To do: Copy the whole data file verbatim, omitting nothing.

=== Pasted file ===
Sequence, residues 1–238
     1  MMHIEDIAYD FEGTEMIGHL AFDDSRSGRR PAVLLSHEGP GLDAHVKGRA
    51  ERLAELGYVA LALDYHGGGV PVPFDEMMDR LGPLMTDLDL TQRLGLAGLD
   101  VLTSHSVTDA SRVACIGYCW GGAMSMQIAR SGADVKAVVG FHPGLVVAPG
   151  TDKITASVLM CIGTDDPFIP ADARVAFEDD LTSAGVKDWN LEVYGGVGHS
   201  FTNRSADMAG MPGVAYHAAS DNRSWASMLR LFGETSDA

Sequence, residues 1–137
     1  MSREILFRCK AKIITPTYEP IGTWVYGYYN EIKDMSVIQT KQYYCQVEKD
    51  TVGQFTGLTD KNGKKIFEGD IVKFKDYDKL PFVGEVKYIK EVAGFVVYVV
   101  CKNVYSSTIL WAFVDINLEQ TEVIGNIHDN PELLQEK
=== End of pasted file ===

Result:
Sequence, residues 1–238
     1  MMHIEDIAYD FEGTEMIGHL AFDDSRSGRR PAVLLSHEGP GLDAHVKGRA
    51  ERLAELGYVA LALDYHGGGV PVPFDEMMDR LGPLMTDLDL TQRLGLAGLD
   101  VLTSHSVTDA SRVACIGYCW GGAMSMQIAR SGADVKAVVG FHPGLVVAPG
   151  TDKITASVLM CIGTDDPFIP ADARVAFEDD LTSAGVKDWN LEVYGGVGHS
   201  FTNRSADMAG MPGVAYHAAS DNRSWASMLR LFGETSDA

Sequence, residues 1–137
     1  MSREILFRCK AKIITPTYEP IGTWVYGYYN EIKDMSVIQT KQYYCQVEKD
    51  TVGQFTGLTD KNGKKIFEGD IVKFKDYDKL PFVGEVKYIK EVAGFVVYVV
   101  CKNVYSSTIL WAFVDINLEQ TEVIGNIHDN PELLQEK